Tuesday, March 3, 2015

The Last Five Years: Utah Repertory Theater Company

Every story is told from the point of view of the person sharing the story.  Utah Repertory Theater Company shares with us a musical masterpiece of composer Jason Robert Brown in The Last Five Years.  Audiences experience a love story, told alternately through the eyes of Jamie and Cathy, Jamie recalling from the beginning of the relationship, Cathy from the end, and meeting in the middle.   

Utah Rep's website sums up our characters best: "Jamie Wellerstein (Rhett Richins) is a young, talented up-and-coming Jewish novelist who falls in love with Cathy Hiatt (Erin Royall Carlson), a struggling actress and shiksa goddess."   Audiences spend the next hour and a half with the talents of Richins and Carlson alone on stage, as directed by John Sweeney.

Rhett Richins' nuances as Jamie Wellerstein were natural, convincing, and often hilarious.  He conveyed every nuance of an emotion through one simple look, one pronunciation.  I loved the way he wove accents in and out of his singing as he talked about his Jewish mother and an old clock maker named Schmuel.  Actors are often directed that every movement has a purpose, which Richins personifies as he tells a story in each look, movement, and musical note. 

Erin Royall Carlson as Cathy Hiatt evoked a strong stoicism and warped sense of humor that being a theater professional requires.  We see such weight on her shoulders as she begins the show at the end of her story and relationship, with each scene seemingly lifting off another emotional brick to unveil the light, energetic, radiant Cathy that Jamie fell in love with.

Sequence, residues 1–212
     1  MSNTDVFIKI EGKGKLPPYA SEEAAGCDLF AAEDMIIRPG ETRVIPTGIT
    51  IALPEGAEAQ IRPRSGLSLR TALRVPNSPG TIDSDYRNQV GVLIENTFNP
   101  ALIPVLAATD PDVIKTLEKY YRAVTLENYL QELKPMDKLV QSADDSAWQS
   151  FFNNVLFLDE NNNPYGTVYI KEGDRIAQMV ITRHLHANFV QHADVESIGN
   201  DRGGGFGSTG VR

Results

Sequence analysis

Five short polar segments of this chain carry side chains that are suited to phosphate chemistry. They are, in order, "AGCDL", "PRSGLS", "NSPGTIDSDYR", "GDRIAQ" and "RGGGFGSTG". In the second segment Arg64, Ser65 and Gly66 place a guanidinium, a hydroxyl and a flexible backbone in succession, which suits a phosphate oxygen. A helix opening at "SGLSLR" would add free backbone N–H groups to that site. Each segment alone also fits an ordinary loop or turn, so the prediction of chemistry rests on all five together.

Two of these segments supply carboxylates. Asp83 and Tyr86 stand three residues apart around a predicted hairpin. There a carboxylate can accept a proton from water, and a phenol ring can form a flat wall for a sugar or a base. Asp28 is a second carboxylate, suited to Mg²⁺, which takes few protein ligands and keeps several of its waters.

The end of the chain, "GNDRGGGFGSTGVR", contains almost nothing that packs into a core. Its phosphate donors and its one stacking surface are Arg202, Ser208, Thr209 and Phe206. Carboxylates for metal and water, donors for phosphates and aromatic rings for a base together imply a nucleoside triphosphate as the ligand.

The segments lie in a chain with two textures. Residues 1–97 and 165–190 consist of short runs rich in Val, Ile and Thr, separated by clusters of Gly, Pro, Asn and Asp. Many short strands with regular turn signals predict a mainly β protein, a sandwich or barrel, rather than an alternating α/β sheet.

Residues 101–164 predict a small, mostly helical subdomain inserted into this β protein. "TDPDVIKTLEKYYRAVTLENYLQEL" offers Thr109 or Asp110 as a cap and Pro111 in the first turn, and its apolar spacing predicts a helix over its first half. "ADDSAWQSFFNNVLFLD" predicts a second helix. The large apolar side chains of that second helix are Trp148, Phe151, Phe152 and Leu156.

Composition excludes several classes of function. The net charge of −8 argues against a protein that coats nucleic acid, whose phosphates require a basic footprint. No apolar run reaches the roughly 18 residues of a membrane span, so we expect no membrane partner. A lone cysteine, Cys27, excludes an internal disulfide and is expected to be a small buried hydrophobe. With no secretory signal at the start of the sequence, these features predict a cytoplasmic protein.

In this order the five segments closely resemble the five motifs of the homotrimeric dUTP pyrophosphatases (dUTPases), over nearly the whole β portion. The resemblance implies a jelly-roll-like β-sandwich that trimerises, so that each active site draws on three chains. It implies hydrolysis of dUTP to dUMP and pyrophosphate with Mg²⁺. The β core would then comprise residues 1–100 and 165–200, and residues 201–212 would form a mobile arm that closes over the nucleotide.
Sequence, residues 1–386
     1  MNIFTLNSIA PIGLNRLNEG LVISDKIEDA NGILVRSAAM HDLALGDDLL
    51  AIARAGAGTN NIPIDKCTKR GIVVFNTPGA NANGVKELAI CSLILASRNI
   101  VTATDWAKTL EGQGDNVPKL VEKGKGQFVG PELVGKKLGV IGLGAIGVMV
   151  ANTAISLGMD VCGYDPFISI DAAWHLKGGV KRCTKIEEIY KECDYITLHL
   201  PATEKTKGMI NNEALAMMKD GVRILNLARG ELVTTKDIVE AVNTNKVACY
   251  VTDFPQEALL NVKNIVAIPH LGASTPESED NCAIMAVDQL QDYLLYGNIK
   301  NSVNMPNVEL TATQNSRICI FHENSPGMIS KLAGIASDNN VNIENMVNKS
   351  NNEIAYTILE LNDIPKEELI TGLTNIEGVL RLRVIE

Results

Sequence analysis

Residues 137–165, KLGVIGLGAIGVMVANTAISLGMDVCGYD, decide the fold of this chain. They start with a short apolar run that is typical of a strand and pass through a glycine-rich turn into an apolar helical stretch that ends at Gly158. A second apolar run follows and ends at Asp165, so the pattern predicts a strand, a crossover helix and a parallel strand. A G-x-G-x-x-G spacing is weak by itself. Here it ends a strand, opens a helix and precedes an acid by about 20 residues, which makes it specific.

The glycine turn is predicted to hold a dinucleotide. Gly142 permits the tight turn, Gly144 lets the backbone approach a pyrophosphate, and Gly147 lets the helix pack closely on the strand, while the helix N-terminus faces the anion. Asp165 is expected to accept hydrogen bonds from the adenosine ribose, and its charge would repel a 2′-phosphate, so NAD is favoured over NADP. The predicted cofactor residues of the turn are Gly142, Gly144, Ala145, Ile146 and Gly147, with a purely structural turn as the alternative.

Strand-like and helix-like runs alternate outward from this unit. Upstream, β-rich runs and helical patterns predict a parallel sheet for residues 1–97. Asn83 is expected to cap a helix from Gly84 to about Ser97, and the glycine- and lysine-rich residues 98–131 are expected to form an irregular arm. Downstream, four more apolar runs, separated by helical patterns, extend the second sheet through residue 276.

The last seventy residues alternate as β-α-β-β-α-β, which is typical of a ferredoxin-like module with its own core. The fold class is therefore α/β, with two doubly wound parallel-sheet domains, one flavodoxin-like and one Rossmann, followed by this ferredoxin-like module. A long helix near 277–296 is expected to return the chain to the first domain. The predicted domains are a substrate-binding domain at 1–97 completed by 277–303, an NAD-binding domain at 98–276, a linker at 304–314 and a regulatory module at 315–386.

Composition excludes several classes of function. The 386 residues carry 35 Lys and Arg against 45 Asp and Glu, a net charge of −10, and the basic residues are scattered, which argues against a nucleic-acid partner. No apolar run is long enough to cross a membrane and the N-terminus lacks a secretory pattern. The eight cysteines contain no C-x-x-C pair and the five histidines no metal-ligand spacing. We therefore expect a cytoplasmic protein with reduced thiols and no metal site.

Live orchestrations grant these two performers the ability to interpret the lyrics and musicality with emotion and depth, helping transfer those feelings to the audience.  Music director, Anne Puzey, created a remarkable atmosphere with her ensemble of talented musicians.  Composer Jason Robert Brown is known for intricate work, and these musicians created a feeling of intricacy that could have shared the story even if the songs had no lyrics.   

The set, lighting, and sound were all very simply designed as we focused on a three-point turning set piece in the middle of the stage, with side pieces and use of shadows to direct or focus to a certain character or scene.  I agree with these decisions strongly, as this story is about two people and their relationship, stripped bare of the world around them.  

Watching the decisions of Jamie and Cathy, my heart wrenched with the agony of my own choices and where they were leading my life and the life of my relationships.  Cathy and Jamie made these seemingly insignificant choices that became more and more substantial until their relationship was ruined.  We can choose our path, but we cannot choose our consequences.  I became keenly aware of how important each moment is.  When Jamie asks Cathy if she will share her life with him for the next ten minutes, then ten more minutes, I thought about how many times the present ten minutes would not leave my friend or husband to ask me for another ten minutes. Jamie gifts Cathy a watch at one point, saying, "You get to be happy...I give you unlimited time."  Watching The Last Five Years stress the importance of time and its correlation with happiness drives home the invaluable importance of every moment.  It's in the moments that life is made or broken.